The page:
I "choose freely" and that "determines" the future but I could not have chosen otherwise and the future could not have been otherwise. For me and my simple reasoning that is not "free will". We would be "mere puppets" in a "cosmic play" which has already been written. I reject such a notion even if it is logically possible. It is not truth. Philosophy is about truth and wisdom not just logic. The Biblical God is not omniscient as any of numerous biblical stories indicates.
 
kennethamy
 
Reply Sun 4 Apr, 2010 03:26 pm
@prothero,
prothero;148323 wrote:
If there can be only one possible future then
free will as the ability to do otherwise can not be true.
Judas could not have done otherwise and "free will" is merely illusion. Your notion of "free will" is not the one men desire, believe in or conduct their lives as though they have. You can join the Calvinists with their doctrine of predestination and the elect. I fail to see if the future is already fixed, essentially has already occurred that "free will" in such a universe would have any real meaning, truth or significance. It would be impossible viewing history to tell the difference between fatalism, predestination and hard Laplace determinsim. In truth there would be no meaningful difference.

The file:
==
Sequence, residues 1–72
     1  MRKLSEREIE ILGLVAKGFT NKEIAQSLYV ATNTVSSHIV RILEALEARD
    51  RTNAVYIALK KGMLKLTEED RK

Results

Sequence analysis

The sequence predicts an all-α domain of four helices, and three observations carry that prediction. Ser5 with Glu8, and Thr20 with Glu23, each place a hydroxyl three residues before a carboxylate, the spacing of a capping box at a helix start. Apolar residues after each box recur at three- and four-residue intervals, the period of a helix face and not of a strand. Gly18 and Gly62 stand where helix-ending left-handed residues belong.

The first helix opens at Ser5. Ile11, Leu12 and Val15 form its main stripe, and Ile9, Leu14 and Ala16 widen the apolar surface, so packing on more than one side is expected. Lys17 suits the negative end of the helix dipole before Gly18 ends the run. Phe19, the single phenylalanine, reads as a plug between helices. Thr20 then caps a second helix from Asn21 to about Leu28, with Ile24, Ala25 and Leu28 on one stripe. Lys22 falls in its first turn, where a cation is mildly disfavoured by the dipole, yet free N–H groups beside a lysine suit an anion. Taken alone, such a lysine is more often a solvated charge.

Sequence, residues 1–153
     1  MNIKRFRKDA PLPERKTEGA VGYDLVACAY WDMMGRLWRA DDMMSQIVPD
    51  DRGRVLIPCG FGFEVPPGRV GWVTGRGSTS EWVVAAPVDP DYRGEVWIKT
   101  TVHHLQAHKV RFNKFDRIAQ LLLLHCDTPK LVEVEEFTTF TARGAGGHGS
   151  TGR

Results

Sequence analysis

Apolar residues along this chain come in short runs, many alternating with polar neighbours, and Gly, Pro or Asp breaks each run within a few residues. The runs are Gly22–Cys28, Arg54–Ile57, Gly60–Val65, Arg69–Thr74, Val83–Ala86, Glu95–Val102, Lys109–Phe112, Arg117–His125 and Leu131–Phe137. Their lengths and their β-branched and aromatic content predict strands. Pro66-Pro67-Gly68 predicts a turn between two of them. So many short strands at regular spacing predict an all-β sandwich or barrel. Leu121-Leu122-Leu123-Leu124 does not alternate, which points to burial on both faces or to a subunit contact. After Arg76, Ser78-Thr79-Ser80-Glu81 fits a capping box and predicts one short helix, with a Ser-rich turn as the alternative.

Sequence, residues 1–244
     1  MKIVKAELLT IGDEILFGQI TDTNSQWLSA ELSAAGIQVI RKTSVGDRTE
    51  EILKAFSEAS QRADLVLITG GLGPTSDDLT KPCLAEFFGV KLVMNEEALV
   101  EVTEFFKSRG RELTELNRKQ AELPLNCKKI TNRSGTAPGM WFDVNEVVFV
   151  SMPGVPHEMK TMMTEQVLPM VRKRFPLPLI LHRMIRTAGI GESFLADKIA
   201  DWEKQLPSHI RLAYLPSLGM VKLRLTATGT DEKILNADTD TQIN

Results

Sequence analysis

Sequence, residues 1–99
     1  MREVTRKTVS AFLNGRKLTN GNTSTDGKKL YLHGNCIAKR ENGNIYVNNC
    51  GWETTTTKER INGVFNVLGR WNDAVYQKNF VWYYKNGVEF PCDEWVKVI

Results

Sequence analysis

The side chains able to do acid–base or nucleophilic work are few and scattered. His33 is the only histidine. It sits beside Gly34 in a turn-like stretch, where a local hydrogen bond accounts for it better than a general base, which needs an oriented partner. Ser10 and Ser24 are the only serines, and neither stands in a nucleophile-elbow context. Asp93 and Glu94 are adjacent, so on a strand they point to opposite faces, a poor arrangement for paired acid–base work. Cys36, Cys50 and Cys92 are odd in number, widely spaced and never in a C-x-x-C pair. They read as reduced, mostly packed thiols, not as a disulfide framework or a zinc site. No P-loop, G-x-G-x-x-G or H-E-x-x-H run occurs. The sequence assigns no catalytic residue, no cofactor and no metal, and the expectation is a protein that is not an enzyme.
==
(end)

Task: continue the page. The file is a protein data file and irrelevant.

I "choose freely" and that "determines" the future but I could not have chosen otherwise and the future could not have been otherwise. For me and my simple reasoning that is not "free will". We would be "mere puppets" in a "cosmic play" which has already been written. I reject such a notion even if it is logically possible. It is not truth. Philosophy is about truth and wisdom not just logic. The Biblical God is not omniscient as any of numerous biblical stories indicates.